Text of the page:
Fionnula Flanagan, Camille O’Sullivan and Kate Gilmore play Dickens’s ghosts at the Gate

The Gate’s Christmas Carol: Kate Gilmore, Fionnula Flanagan and Camille O’Sullivan. Photograph: Agata Stoinska  

The Gate’s production of Charles Dickens’s seasonal classic A Christmas Carol is a new version by Jack Thorne, who as well as writing the stage version of Harry Potter and the Cursed Child has just brought Philip Pullman’s His Dark Materials to the BBC, in a sparkling adaptation.

In an original twist, his take on A Christmas Carol, which opens next week, casts the three ghosts as women. They are played by Fionnula Flanagan, Camille O’Sullivan and Kate Gilmore.

The Gate’s Christmas Carol: Fionnula Flanagan, Camile O’Sullivan and Kate Gilmore. Photograph: Agata Stoinska  
The Gate’s Christmas Carol: Fionnula Flanagan, Camille O’Sullivan and Kate Gilmore. Photograph: Agata Stoinska  

“Having these three extraordinary Irish women to play the ghosts in A Christmas Carol is a very exciting element of this new production, an Irish premiere,” says Selina Cartmell, the head of the Dublin theatre, who is also directing the production.

Here, we meet the actors playing the three ghosts, as well as the production’s costume designer, Katie Davenport, to talk about the clothes and the actors’ approach to their roles.

KATIE DAVENPORT

“The three ghosts, in mourning for Scrooge, are all wearing versions of Victorian mourning clothes. Because death was so prevalent at the time, women spent half their lives in those clothes, which you had to wear for two and a half years,” explains Davenport, describing her approach to costuming the ghosts of Christmas Past, Christmas Present and Christmas Future.

One of Katie Davenport’s costume drawings for the Gate’s Christmas Carol
One of Katie Davenport’s costume drawings for the Gate’s Christmas Carol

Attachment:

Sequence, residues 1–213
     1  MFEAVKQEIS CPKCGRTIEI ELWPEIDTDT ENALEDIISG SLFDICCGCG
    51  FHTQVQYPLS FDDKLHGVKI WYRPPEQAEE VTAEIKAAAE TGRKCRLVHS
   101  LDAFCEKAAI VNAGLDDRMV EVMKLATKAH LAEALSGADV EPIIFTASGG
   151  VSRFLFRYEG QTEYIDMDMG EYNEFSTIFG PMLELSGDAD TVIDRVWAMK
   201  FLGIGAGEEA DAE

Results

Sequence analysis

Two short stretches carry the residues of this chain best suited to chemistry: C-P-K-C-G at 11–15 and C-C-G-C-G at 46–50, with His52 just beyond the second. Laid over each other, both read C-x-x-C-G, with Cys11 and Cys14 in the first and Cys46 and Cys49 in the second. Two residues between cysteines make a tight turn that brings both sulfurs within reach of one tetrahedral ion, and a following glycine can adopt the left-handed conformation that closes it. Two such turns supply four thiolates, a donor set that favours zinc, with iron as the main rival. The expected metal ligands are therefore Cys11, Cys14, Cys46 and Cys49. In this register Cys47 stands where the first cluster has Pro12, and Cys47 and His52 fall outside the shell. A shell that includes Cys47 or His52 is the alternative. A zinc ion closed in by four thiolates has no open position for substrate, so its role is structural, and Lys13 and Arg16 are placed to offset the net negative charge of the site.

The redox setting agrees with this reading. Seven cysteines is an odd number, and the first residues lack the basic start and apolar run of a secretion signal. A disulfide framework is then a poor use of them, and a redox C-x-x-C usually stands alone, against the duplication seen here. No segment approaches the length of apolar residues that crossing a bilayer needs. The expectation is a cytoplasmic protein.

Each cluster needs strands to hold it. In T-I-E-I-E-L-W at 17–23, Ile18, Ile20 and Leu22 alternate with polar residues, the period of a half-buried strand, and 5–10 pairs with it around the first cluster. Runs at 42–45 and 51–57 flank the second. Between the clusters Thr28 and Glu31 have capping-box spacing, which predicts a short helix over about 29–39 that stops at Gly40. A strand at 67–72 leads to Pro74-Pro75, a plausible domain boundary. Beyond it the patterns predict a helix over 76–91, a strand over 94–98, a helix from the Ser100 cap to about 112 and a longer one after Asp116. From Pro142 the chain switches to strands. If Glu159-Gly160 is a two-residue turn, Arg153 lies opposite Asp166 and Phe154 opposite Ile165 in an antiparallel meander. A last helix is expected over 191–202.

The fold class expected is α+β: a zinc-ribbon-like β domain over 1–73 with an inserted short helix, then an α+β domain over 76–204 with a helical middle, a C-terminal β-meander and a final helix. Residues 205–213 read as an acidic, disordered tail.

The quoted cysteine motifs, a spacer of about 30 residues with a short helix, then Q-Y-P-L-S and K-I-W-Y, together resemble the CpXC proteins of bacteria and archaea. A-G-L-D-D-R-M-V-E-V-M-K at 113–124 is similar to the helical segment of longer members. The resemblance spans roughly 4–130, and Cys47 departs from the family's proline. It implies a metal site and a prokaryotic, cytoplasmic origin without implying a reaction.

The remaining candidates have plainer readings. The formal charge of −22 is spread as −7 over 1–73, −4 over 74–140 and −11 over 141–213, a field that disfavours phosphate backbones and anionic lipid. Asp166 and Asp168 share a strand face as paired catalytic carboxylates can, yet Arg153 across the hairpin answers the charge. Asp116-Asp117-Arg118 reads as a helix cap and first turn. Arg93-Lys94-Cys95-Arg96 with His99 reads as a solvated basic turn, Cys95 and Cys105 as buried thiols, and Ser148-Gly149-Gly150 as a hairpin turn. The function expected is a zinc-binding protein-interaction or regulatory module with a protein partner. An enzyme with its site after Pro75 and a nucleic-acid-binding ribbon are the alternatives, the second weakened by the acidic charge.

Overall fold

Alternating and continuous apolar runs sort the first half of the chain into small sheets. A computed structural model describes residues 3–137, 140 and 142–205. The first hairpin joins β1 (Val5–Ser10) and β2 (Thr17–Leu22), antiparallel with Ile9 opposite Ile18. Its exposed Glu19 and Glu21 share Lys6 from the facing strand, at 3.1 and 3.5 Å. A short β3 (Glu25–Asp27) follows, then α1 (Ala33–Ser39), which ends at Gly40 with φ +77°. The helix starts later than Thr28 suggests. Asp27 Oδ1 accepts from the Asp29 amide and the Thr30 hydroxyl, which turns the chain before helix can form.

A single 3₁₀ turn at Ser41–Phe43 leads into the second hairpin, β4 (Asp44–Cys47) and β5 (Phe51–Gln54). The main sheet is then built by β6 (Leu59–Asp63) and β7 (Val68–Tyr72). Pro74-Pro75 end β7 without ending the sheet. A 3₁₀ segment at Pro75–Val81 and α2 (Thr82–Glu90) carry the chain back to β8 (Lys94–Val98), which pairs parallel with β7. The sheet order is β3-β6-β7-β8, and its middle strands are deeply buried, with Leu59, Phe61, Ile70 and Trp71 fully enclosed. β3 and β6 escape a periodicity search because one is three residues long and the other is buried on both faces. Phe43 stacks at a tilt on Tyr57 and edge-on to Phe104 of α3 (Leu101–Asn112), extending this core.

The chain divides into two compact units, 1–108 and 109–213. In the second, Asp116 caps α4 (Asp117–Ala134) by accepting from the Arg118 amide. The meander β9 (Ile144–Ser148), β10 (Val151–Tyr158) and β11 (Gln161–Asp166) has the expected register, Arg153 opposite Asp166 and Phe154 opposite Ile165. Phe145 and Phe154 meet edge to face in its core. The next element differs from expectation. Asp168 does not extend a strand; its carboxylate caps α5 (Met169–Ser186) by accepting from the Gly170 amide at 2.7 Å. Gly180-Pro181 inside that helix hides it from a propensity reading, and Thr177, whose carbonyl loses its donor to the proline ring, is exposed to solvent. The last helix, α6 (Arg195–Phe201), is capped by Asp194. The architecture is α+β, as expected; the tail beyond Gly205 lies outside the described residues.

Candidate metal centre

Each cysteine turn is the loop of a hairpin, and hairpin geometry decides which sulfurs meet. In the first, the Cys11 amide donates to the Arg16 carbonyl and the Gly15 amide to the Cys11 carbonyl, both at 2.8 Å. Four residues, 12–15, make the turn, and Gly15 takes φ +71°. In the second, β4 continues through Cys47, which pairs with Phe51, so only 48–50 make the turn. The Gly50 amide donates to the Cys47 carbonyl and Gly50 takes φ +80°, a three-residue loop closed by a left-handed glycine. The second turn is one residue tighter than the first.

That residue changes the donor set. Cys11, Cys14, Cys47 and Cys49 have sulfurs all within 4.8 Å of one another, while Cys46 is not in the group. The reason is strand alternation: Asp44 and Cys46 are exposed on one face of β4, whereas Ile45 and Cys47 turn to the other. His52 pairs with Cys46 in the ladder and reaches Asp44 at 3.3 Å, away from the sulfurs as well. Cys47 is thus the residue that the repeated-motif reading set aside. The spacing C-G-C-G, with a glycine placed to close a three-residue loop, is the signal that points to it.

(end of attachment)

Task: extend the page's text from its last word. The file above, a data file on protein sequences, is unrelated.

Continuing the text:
“The Victorians were so extravagant in their clothing – sumptuous taffetas and lace – probably the fanciest clothing of the time. I wanted to pull out the textures of Victorian clothing with a little bit of a modern flavour.”

FIONNULA FLANAGAN

The Gate veteran is back at the theatre after her Tony-nominated role in the Broadway production of The Ferryman, directed by Sam Mendes. The fact that the ghosts are women, she says, brings a fresh twist to the play. Flanagan plays the Ghost of Christmas Past.

Fionnula Flanagan as the Ghost of Christmas Past. Photograph: Agata Stoinska
Fionnula Flanagan as the Ghost of Christmas Past. Photograph: Agata Stoinska

The ghosts “bring a whole female sense into it,” she says. “There is no mention of a mother in Scrooge – there is a father behaving badly – so having a ghost as a woman supplies it with an extra dimension. I have an all-black costume with a veil. I have always wanted to wear a veil – other than a bridal one! – and I have a pram, which is tiny. I assume there is a dead baby in it, and I have a lantern – I like all that as it speaks to something inside all of us. We are all haunted – I remember that line from Mrs Alving in Ibsen’s Ghosts. Scrooge neglects everything – friends, love, children – he gives them all up to pursue his ambition to become a wealthy man.”